A run across the world

Welcome to Lead Time, a newsletter that takes you behind the supply chain of everyday products.

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Today, we dive deep into the supply, and value chain, of a running shoe.

We start at the very beginning - the refining of crude oil into petrochemical feedstocks. Then, we discover how companies use the final product from refined crude oil to manufacture a foundational part of your favorite running shoes.

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Ethylene-Vinyl Acetate (EVA) is a popular compound used to make midsoles for running shoes, providing you with support and stability on your morning run. Its value chain spans multiple continents.

Countries in Asia-Pacific are the largest consumer of EVA, which is not surprising given that China and Vietnam are the world's 1st and 2nd largest footwear manufacturers, respectively.

Since the 1960s, the value chain of running shoes has evolved, as brands went from vertical integration, with in-house production, to outsourcing most of their production to Asia. In recent times, brands are starting to bring their distribution in-house and capitalize on direct-to-consumer channels, while decreasing their reliance on wholesalers.

Starting at the beginning

It’s well known that running shoes are designed to withstand the wear and tear of our regular use. What isn’t well known is that the magic of a running shoe is in its midsole - which is typically made with Ethylene-Vinyl Acetate (EVA).

Without diving into its organic chemistry, what you need to know about EVA is that it's a naturally stretchy polymer made from a combination of ethylene and vinyl acetate. It has similar properties to rubber, but is softer and lighter, giving runners a whole lot of bounce. Initially adopted in the 1970s, EVA remains one of the most widely used cushioning materials by brands including HOKA, New Balance, Skechers, and Brooks.

The value chain of EVA starts with natural resources below the ground. The exploration process includes searching for potential oil and gas reservoirs, drilling wells, and developing facilities around wells that end up producing large quantities of hydrocarbons. This is the most high-risk aspect of the value chain.

While there are a number of ways to transport crude oil, one of the most common ways to do so is via pipelines. Pipelines are used on land and offshore to move oil from oil/gas separation units in the fields, and from gathering centers to port terminals. These pipelines deliver the oil from supply points to refineries and other destinations.

At the refineries, petrochemical products are made from hydrocarbon feedstocks through several processes and transformations. Some of the most prominent products include polymers and resins such as EVA, which when molded, shaped, and reformed, end up as consumer products, like the midsole of a running shoe.

From compound to finished product

As EVA moves down the value chain, one of the manufacturers from the graphic above will use it to make midsoles for running shoes, using two popular methods: injection molding and compression molding (CMEVA). Though both methods involve using a mold to shape the design and details of the midsole, there are some notable differences.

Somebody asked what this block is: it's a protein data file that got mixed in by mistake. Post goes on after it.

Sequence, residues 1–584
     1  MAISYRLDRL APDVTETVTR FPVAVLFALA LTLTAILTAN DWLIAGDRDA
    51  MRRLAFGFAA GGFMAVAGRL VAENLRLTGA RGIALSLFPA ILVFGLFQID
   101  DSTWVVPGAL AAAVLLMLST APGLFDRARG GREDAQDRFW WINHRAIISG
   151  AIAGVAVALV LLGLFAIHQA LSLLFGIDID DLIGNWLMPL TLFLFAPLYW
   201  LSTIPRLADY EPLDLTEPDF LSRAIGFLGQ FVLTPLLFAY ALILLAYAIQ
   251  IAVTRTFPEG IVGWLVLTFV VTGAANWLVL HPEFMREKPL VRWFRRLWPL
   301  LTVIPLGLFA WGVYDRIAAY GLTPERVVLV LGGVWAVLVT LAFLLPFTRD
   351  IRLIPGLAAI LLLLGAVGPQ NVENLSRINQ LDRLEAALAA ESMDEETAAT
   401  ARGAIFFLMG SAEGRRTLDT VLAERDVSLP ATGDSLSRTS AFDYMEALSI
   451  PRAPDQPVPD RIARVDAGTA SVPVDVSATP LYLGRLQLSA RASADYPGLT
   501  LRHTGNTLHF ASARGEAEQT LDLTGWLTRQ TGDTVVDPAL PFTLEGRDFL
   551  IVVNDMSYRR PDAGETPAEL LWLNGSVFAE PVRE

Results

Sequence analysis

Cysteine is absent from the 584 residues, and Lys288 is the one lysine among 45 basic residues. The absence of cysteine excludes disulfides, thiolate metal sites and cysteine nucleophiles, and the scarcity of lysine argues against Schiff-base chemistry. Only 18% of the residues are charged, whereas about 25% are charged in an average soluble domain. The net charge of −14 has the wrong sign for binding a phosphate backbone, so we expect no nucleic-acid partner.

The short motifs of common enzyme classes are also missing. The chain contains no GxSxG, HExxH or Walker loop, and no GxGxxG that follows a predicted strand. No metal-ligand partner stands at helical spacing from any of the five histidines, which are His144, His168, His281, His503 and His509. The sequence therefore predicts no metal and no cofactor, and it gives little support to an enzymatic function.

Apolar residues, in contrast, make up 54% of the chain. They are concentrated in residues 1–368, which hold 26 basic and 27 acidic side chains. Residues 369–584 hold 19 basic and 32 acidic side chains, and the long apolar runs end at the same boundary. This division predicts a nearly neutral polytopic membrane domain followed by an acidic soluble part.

In compression molding, the EVA is compressed into the mold, resulting in a midsole with the same size and shape as the mold used to create it. Similar to a waffle iron, the manufacturer will grease the mold, making it easy for the sole to pop out and the next one to go in.

Injection molding involves heating the EVA liquid and injecting a blowing agent into a mold that is only about half the size of the final midsole. The mold sits for a period of time, and when it is removed, the EVA sole expands to its full size and shape.

The process of manufacturing a midsole from EVA illustrates the mechanics of a supply chain at work. Compared to a value chain, a supply chain is the network of businesses, activities, technologies, and resources that function together to make a product and distribute it to customers like you. Here, the operational steps taking place across the supply chain include the procurement of EVA from suppliers to the manufacturing of a midsole using modern industrial machinery.

Ultimately, a supply chain deals with the process of turning raw materials into finished products and getting them to customers, while the value chain focuses on enhancing the value of a product in various ways.

Headin' out East

In the 1960s, footwear brands were vertically integrated, handling a large portion of their business operations related to the production of shoes. By the 1980s, as Nike began outsourcing the production of its footwear to parts of Asia, particularly Japan and South Korea, other competitors continued to build production capacity in-house. However, by the mid-90s, most, if not all global brands had begun outsourcing production to Asia, and by the 2000s, almost none of the large footwear companies owned any manufacturing facilities.

Today, the center of gravity of athletic footwear production remains in Asia, particularly towards China and Vietnam, the world's 1st and 2nd largest footwear manufacturers, respectively. With this agglomeration of manufacturing activities in Asia, it’s no surprise that APAC is also EVA’s largest consumer.

Movin’ along the chain

If a single component like EVA can play such a pivotal role in the story of a running shoe, imagine what else we will discover as we make our way downstream of the value chain.

And that's exactly what we intend to do for the next few Lead Time newsletters.

We can't wait for you to join us!